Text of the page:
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indicates that child soldiers recruited by the Tatmadaw Kyi have been deployed in front-line battalions. In May 2012, Child Soldiers International received testimonies of three child soldiers who had been forcibly recruited by the Tatmadaw Kyi and subsequently deployed to the Kachin front line, where two had been used to carry firewood and water and perform sentry duty, while one 16-year-old was asked to engage in active combat in ongoing fighting with the Kachin Independence Army (KIA). The 16-year-old was deployed in the 384 Light Infantry Battalion and was captured by the KIA on 24 December 2011 near Laiza. He said: “I was firing guns at the KIA soldiers [but] I just fired the gun pointing in the air because I was very scared”.78 The deployment of child soldiers in the front line by the Tatmadaw Kyi was also observed during fighting in the eastern border areas following an attack on, and brief seizure of, the border town of Myawaddy by ethnic Karen armed groups on 7 November 2010.79 The assignments given to child soldiers in hostile situations vary depending on the location and role of their battalion. Children deployed in the front line have been used to carry weaponry, detonate landmines and work as porters to carry goods and rations. In these situations they have been exposed to active fighting and often sustained serious or lethal injuries as a direct result of the fighting or of landmines. Information provided to Child Soldiers International indicates that bodies of children killed during fighting were, on occasion, dumped into rivers.80 5.3 Absence of age verification procedures and continuing age falsification Section 24 of the Rules of Procedure of Myanmar‟s 1993 Child Law prescribes that parents or guardians must carry out registration of a child at the time of his or her birth, when the child reaches 10 years old and then again at 18 years old. In urban areas, 93.5 per cent of children have a birth certificate or have their birth reported by the mother or caregiver to authorities; in rural areas, the figure is much lower at 63.5 per cent.81 Registration in remote and rural areas is often informal, consisting of no more than the midwife‟s personal records. Recording the date of birth of a child is not common practice among families in rural areas and most remember their children‟s ages by counting the harvests from the time they are born.82 Costs associated with travel from rural areas to the township government office to register the birth of a child are high.83 In areas where armed groups are particularly active, the issuance of birth certificates or other official documents is further limited. Information gathered by Child Soldiers International shows that most people living in KNU-dominated regions lack government-issued ID cards.84 At the age of 10, children are eligible for temporary National Registration Cards (NRC), later converted to permanent cards at the age of 18. The process for obtaining an NRC is difficult and expensive, often requiring families to travel long distances to the township government offices. A temporary NRC can cost as much as 35,000 kyat (approx US$40), with the cost varying according to the applicant‟s circumstances,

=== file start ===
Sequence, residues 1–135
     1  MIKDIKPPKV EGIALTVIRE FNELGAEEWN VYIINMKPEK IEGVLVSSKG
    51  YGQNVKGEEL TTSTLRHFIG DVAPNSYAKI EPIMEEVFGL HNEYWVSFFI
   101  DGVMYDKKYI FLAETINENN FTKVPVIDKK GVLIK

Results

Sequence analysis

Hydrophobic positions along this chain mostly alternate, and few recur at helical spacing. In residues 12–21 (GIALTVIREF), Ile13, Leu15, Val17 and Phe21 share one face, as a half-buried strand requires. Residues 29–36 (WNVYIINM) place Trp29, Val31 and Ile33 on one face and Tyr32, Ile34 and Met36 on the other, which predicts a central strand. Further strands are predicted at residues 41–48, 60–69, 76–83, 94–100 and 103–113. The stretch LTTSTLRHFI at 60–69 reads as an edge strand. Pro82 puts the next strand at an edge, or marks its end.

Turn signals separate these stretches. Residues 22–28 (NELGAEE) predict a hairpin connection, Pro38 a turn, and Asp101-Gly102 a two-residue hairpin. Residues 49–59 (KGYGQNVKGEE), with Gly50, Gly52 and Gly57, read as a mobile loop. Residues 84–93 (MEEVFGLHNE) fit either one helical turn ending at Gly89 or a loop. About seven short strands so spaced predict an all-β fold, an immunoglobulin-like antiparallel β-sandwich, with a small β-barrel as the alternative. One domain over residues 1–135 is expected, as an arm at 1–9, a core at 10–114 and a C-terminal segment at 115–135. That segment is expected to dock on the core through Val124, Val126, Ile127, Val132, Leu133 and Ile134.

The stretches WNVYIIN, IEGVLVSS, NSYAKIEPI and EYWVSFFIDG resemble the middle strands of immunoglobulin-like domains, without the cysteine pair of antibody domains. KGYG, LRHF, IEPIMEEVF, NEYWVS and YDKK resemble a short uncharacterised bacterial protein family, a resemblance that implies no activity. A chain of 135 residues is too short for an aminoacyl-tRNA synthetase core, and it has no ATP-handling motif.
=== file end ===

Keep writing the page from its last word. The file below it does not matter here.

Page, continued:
78 Confidential interviews conducted on behalf of Child Soldiers International, Laiza, 8 April 2012. 79 Confidential interviews conducted by Child Soldiers International, Thailand, March 2011. 80 Confidential interviews with two former child soldiers conducted by Child Soldiers International, Mae Sot, March 2011. 81 UNICEF, Ministry of Health and Ministry of National Planning and Economic Development, “Myanmar multiple indicator cluster survey 2009–2012”, http://www.unicef.org. 82 Child Soldiers International interviews with Zipporah Sein, Secretary General, KNU; Colonel Nerdah Mya, KNLA; David Thackapaw, vice chairman, KNU; La Ngwe, first joint secretary, KNU; Major Moses, KNLA 7th Brigade; and students from the New Generation Program, Thai–Myanmar border, August–September 2012. 83 Australian Council for International Development, Submission to the Universal Periodic Review of Myanmar, July 2010. 84 Child Soldiers International interviews with Zipporah Sein and David Thackapaw, August 2012.